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In today’s fast-paced digital world, a reliable CRM system is a necessity for any customer-serving business to be successful. However, choosing a crm that fits the specific needs of your company can be a daunting challenge.

Managing your customer or client lists using Excel spreadsheets, trying to connect the dots between disconnected platforms, or using out-dated and unsupported software, is simply not viable if you want to grow your business!

With so many things to consider when choosing a CRM for your business, including price, customer support and follow-up service, the critical first step is to fully evaluate your specific business needs, and then match those needs to the various offerings that are within your budget.

In this first post on Choosing a CRM, we cover a few practical tips on how to identify the best CRM solutions to match your business needs.

In Part 2 we will provide helpful advice on choosing the right CRM vendor from the myriad of options available.

Key CRM Questions to Ask Yourself

The biggest mistake many companies make when selecting a CRM system is focusing first on vendor reviews, feature differences and price, instead of first identifying and focusing on their specific needs and business priorities.

Before evaluating CRM vendors and product offerings start by asking these questions within your leadership team:

  1. What inefficient processes are you trying to improve with a CRM system?
  2. What operational process and workflows are you currently lacking?
  3. Who is going to use the CRM, and how will they use it?
  4. Cloud-based CRM service, or self-hosted on your own premises?
  5. What integrations with your other systems and software do we require?
  6. What is your overall budget?

Only after you reach a consensus on why you need to select a CRM, and your specific requirements, should you begin discussing specific offerings and evaluating vendors.

Cloud CRM or On-Premise Deployment?

With a Cloud-Based CRM Solution, you do not need your own server, or on-site technical expertise, to install, operate or manage it. You simply log into the cloud-based CRM using your favorite web browser and you are ready to go. All your client information resides on the vendor’s server.

However, you must have an internet connection to access the service. This is no different than other common cloud services such as Gmail or Netflix.

Most popular cloud CRM’s today also have a Mobile CRM app, which enables you to access your data through your mobile device and cellular network when an internet connection isn’t available, and from anywhere at anytime.

With an On-premise CRM solution, you install the software on your own server, which is typically based at your location. This option provides direct access to the servers if you need to integrate with other applications.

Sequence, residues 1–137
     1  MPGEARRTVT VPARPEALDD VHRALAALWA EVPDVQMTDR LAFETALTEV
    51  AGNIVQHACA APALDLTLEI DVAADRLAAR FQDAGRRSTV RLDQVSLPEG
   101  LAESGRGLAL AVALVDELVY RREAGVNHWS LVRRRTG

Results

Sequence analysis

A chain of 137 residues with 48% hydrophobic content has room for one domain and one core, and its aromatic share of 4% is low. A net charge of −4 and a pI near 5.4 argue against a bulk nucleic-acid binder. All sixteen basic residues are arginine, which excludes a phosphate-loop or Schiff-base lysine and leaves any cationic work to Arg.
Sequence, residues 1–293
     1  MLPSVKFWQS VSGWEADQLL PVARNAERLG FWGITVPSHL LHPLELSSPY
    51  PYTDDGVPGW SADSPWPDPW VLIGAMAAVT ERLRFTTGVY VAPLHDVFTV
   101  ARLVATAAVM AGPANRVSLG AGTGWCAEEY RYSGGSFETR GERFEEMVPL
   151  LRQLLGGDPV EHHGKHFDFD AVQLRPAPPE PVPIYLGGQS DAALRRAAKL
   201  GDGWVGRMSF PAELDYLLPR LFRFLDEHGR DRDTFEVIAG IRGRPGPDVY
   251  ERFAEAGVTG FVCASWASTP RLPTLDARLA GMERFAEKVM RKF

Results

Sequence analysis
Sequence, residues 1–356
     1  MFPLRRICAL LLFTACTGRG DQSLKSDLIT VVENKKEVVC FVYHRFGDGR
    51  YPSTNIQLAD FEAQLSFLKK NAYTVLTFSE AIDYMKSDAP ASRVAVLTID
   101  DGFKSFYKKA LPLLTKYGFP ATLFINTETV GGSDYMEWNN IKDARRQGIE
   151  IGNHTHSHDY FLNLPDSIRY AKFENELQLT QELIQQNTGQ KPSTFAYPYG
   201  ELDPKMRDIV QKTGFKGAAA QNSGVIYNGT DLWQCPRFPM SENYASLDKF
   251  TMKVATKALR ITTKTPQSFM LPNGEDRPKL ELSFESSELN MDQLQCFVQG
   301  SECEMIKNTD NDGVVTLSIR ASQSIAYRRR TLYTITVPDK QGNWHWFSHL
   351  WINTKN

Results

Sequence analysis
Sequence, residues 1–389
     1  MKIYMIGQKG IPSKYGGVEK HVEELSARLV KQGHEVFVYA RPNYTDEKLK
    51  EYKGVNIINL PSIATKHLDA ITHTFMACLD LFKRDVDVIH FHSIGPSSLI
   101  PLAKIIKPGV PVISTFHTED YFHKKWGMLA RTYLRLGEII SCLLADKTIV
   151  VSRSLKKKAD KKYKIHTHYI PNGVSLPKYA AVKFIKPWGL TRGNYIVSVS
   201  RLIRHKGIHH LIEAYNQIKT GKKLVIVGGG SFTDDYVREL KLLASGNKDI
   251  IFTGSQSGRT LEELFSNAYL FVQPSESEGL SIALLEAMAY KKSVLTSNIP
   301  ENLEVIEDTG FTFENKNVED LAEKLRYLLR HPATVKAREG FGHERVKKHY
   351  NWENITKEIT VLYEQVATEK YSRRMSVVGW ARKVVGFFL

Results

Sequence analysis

However, you will need to have in-house expertise to install and maintain the software, as well as the upfront costs of purchasing the necessary hardware and operating systems.

We take a closer look at the TCO (Total Cost of Ownership) of both deployment options in this previous article.

Identify Must-Have Features & Functionalities

Your business has unique processes, customer base, and growth dynamics. Committing to a predefined set of standard, basic or inflexible functions is not a sound choice for long-term success. Look for a customizable CRM that can evolve and grow along with your business.

If a CRM offers different ‘Levels’ can it be easily upgraded to the next version? What additional functionality does that provide?

Another consideration is that some CRM software comes loaded with many functions and features you may never use, but are included to appeal to a wide spectrum of business use-cases. Be careful about paying for too many functions you will never need or use.

According to a survey conducted by Software Advice, first-time CRM buyers often overestimate what features they actually need.

Many SMBs are expecting to pay around $70 to $75 per user per month for a robust CRM system, but they may be overestimating both their own needs and the price they should pay for CRM. – Software Advice

This comes back to one of our basic initial questions… Who is going to use the CRM? Are there different needs between user groups in your organization?

An all-inclusive CRM may be a wise choice if it can meet the needs of all your different user groups, such as Sales, Marketing and Customer Service teams.

Third-Party Integrations

This is one of the most important considerations when beginning the process of choosing a CRM for your business.

Deploying a CRM should simplify and streamline your business processes, not complicate them because your other software will not communicate or integrate with your CRM platform.

You need to ensure that the CRM you select can integrate with all the other applications you are already using.

In addition to common integrations like Outlook Mail and Excel, your new CRM should also seamlessly integrate with your accounting software, HR software, and even your website so forms can import new leads, billing and e-commerce platforms to register transactions, and of course your marketing and customer service platforms.

Selecting a CRM Provider

Now that you have an understanding of why you need a CRM and how you will be using it, it’s time to move on to evaluating the available options and software vendors to select the best fit for your specific needs.

In this related post we provide a few helpful tips to help you narrow down the field and identify potential vendors in a very crowded market.

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